Skip to main content

SOAP

 

OutSystems

Example: Add SOAP header

In this example scenario we will add a new element to the SOAP header of all requests of a consumed SOAP web service.

Tip: You can adjust the provided example to remove or modify SOAP headers from your request instead of adding a new header by making the necessary adjustments to the BeforeSendRequest function.

Code overview

To achieve this, we will need to create C# code to perform the following:

  1. In the function placeholder created by Integration Studio corresponding to the action you defined, register a custom endpoint behavior that we will need to implement.

  2. Next, create the endpoint behavior class implementing the IEndpointBehavior interface from Windows Communication Foundation (WCF).
    This class will add a message inspector (based on another custom class that we will implement next) to the client runtime; it will be responsible for adding the new SOAP header element.

  3. Create the message inspector class that will add the SOAP header element to all requests of the SOAP web service, adding code to the BeforeSendRequest function.

Example

Let's follow a concrete example on how to perform these steps:

1. In Integration Studio, create an extension and define an action that will register a custom message inspector responsible for adding the SOAP request element before sending a request.
In this example we defined an action in Integration Studio called "RegisterSoapHeaderCallback" with no input parameters.

2. Click 'Edit Source Code .NET'. Set the project target framework and add a reference to the System.ServiceModel assembly.
Enter the code below, replacing the MssRegisterSoapHeaderCallback function placeholder that Integration Studio created for you:

// required 'using' statements at the beginning of the file
using System.ServiceModel;
using System.ServiceModel.Channels;
using System.ServiceModel.Description;
using System.ServiceModel.Dispatcher;
using OutSystems.SOAP.API;

/* ... */

// replace the 'MssRegisterSoapHeaderCallback' function placeholder with the following code
public void MssRegisterSoapHeaderCallback() {
    SoapRequest.RegisterEndpointBehavior(new AddSoapHeaderBehavior());
}

3. Create the custom class AddSoapHeaderBehavior implementing WCF's interface IEndpointBehavior, containing the following code:

class AddSoapHeaderBehavior : IEndpointBehavior {

    void IEndpointBehavior.ApplyClientBehavior(ServiceEndpoint endpoint, ClientRuntime clientRuntime) {
        clientRuntime.ClientMessageInspectors.Add(new AddSoapHeaderMessageInspector());
        // you can add more message inspectors here:
        // clientRuntime.ClientMessageInspectors.Add(new [...]);
    }

    void IEndpointBehavior.AddBindingParameters(ServiceEndpoint endpoint, BindingParameterCollection bindingParameters) {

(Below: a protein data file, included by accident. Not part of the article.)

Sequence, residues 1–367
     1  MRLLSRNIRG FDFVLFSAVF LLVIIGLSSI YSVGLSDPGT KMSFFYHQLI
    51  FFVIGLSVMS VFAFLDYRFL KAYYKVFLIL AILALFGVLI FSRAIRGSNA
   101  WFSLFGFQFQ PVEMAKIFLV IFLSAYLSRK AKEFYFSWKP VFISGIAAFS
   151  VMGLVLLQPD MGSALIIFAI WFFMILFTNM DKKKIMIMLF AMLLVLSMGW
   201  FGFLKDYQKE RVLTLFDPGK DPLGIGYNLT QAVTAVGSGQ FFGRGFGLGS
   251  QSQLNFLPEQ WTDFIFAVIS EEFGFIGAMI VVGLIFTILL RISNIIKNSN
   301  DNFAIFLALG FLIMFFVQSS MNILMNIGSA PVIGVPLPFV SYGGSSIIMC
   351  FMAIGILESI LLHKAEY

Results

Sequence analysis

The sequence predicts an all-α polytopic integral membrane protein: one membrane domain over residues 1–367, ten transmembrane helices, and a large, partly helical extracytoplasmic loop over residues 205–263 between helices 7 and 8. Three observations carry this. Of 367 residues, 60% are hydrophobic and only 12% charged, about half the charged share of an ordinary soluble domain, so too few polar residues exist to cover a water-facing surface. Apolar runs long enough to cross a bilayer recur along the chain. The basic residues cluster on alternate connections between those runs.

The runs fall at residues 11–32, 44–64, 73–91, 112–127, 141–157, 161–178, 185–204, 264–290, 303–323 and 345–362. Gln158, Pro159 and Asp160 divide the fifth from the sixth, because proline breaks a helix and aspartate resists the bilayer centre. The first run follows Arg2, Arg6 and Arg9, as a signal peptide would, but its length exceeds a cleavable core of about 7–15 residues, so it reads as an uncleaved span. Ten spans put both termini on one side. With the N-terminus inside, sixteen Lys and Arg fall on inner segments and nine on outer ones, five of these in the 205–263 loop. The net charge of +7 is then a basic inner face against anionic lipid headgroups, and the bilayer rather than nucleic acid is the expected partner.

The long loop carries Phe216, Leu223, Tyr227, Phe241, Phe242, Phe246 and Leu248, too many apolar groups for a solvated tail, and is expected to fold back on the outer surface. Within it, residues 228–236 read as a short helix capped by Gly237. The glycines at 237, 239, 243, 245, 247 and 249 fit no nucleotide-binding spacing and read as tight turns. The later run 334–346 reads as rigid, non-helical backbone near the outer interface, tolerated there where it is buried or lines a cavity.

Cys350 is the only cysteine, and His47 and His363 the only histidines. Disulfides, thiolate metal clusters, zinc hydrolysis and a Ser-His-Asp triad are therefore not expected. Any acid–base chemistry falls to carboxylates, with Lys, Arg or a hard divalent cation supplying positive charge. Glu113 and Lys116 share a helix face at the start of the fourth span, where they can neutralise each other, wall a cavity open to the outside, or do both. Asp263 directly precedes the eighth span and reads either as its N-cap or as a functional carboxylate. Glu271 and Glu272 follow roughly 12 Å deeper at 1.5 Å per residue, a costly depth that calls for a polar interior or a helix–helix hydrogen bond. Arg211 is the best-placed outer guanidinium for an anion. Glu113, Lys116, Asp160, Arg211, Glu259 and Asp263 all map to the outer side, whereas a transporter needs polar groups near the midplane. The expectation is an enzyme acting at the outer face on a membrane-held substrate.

// do nothing
    }

    void IEndpointBehavior.ApplyDispatchBehavior(ServiceEndpoint endpoint, EndpointDispatcher endpointDispatcher) {
        // do nothing
    }

    void IEndpointBehavior.Validate(ServiceEndpoint endpoint) {
        // do nothing
    }
}

Note: For this use case, you only need to add code to the ApplyClientBehavior function.

4. Create the custom class AddSoapHeaderMessageInspector implementing WCF's interface IClientMessageInspector, containing the following code:

class AddSoapHeaderMessageInspector : IClientMessageInspector {

    object IClientMessageInspector.BeforeSendRequest(ref Message request, IClientChannel channel) {
        // before sending a request, add a new SOAP header, specifying its name, namespace and value
        request.Headers.Add(MessageHeader.CreateHeader("Custom", "http://schemas.com", "header value"));
        return request;
    }

    void IClientMessageInspector.AfterReceiveReply(ref Message reply, object correlationState) {
        // here you would handle the web service response
    }
}

In this class we can add code to the function that handles the request (BeforeSendRequest), to the one handling the reply (AfterReceiveReply) or even to both functions, according to our use case.
Since we want to add an element to the SOAP request header, we add code to the BeforeSendRequest function.

5. Quit Visual Studio .NET and, back in Integration Studio, publish the extension by clicking the "1-Click Publish" toolbar icon or by pressing F5.

6. In Service Studio, add a reference to the "RegisterSoapHeaderCallback" action of your extension in your application module.

7. In the SOAP callback flow of your SOAP Web Service, drag the "RegisterSoapHeaderCallback" action to the flow.

8. Publish the application module and test the application, checking that the SOAP header of the web service requests contain your added element "Custom", like in the sample SOAP request below:

<s:Envelope xmlns:s="http://www.w3.org/2003/05/soap-envelope">
    <s:Header>
        <Custom xmlns="http://schemas.com">header value</Custom>
    </s:Header>
    <s:Body>
        ...
    </s:Body>
</s:Envelope>
  • Was this article helpful?